News Release

Quarks and antiquarks at high momentum shake the foundations of visible matter

Jefferson Lab and Fermilab experiments present new results on nucleon structure

Peer-Reviewed Publication

American Physical Society

Quarks and Antiquarks at High Momentum Shake the Foundations of Visible Matter

image: Artistic rendering of quarks in deuterium. view more 

Credit: Credit: Ran Shneor

Two independent studies have illuminated unexpected substructures in the fundamental components of all matter. Preliminary results using a novel tagging method could explain the origin of the longstanding nuclear paradox known as the EMC effect. Meanwhile, authors will share next steps after the recent observation of asymmetrical antimatter in the proton.

Both groups will discuss their experiments at DOE’s Thomas Jefferson National Accelerator Facility and Fermilab during the 2021 Fall Meeting of the APS Division of Nuclear Physics. They will present the results and take questions from the press at a live virtual news briefing on October 12 at 2:15 p.m. EDT.

One study presents new evidence on the EMC effect, identified nearly 40 years ago when researchers at CERN discovered something surprising: Protons and neutrons bound in an atomic nucleus can change their internal makeup of quarks and gluons. But why such modifications arise, and how to predict them, remains unknown.

For the first time, scientists have measured the EMC effect by tagging spectator neutrons, taking a major step toward solving the mystery.

“We present results from a new transformative measurement of a novel observable that provides direct insight into the origin of the EMC effect,” said Tyler T. Kutz, a postdoctoral researcher at the Massachusetts Institute of Technology and Zuckerman Postdoctoral Scholar at Tel Aviv University, who will reveal the findings at the meeting.

Inside the Backward Angle Neutron Detector (BAND) at Jefferson Lab, tagged spectator neutrons “split” the nuclear wave function into different sections. This process maps how momentum and density affect the structure of bound nucleons.

The team uncovered sizable, unpredicted effects. Preliminary observations offer direct evidence that the EMC effect is connected with nucleon fluctuations of high local density and high momentum.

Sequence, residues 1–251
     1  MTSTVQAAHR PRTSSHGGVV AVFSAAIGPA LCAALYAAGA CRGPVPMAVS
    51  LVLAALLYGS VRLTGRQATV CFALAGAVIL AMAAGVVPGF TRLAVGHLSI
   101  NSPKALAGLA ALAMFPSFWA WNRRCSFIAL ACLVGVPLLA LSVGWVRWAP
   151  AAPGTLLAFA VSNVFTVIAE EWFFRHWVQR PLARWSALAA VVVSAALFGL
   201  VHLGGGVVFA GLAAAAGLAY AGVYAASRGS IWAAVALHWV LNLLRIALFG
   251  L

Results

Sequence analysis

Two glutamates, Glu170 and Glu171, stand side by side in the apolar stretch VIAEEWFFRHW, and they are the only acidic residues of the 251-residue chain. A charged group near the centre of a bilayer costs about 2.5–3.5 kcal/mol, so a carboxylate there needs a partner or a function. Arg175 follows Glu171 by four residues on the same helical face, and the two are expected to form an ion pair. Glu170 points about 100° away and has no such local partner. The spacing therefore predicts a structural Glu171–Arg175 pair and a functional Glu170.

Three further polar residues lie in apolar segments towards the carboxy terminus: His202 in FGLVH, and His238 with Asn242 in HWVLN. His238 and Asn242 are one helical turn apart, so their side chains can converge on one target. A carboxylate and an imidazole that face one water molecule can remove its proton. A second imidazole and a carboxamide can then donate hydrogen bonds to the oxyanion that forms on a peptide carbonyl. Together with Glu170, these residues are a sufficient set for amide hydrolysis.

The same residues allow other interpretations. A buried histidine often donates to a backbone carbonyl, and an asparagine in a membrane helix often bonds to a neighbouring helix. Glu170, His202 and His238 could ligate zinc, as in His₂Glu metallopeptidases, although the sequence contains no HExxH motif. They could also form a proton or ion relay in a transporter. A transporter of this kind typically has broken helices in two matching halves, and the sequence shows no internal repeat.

“The results have major implications for our understanding of the QCD structure of visible matter,” said Efrain Segarra, a graduate student at MIT working on the experiment. The research could shed light on the nature of confinement, strong interactions, and the fundamental composition of matter.

A team from Fermilab found evidence that antimatter asymmetry also plays a crucial role in nucleon properties—a landmark observation published earlier this year in Nature. New analysis indicates that in the most extreme case, a single antiquark can be responsible for almost half the momentum of a proton.

“This surprising result clearly shows that even at high momentum fractions, antimatter is an important part of the proton,” said Shivangi Prasad, a researcher at Argonne National Laboratory. “It demonstrates the importance of nonperturbative approaches to the structure of the basic building block of matter, the proton.”

Prasad will discuss the SeaQuest experiment that found more “down” antiquarks than “up” antiquarks within the proton. She will also share preliminary research on sea-quark and gluon distributions.

“The SeaQuest Collaboration looked inside the proton by slamming a high-energy beam of protons into targets made of hydrogen (essentially protons) and deuterium (nuclei containing single protons and neutrons),” said Prasad.

“Within the proton, quarks and antiquarks are held together by extremely strong nuclear forces—so great that they can create antimatter-matter quark pairs out of empty space!” she explained. But the subatomic pairings only exist for a fleeting moment before they annihilate.

The antiquark results have renewed interest in several earlier explanations for antimatter asymmetry in the proton. Prasad plans to discuss future measurements that could test the proposed mechanisms.


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The Division of Nuclear Physics (DNP), established in 1966, is comprised of scientists and educators who study fundamental problems related to the nature of matter. Nuclear scientists probe the properties of nuclei and nuclear matter and the interactions of their ultimate constituents — quarks and gluons. They also address interdisciplinary questions: the basis of fundamental symmetries in nature, the first moments of the universe, the origin of the elements, education, and the application of nuclei and nuclear techniques to meet societal needs including medical diagnoses and treatment, energy, advanced materials, and Homeland Security. DNP interests have significant overlap with other APS Divisions, Topical Groups and Forums.

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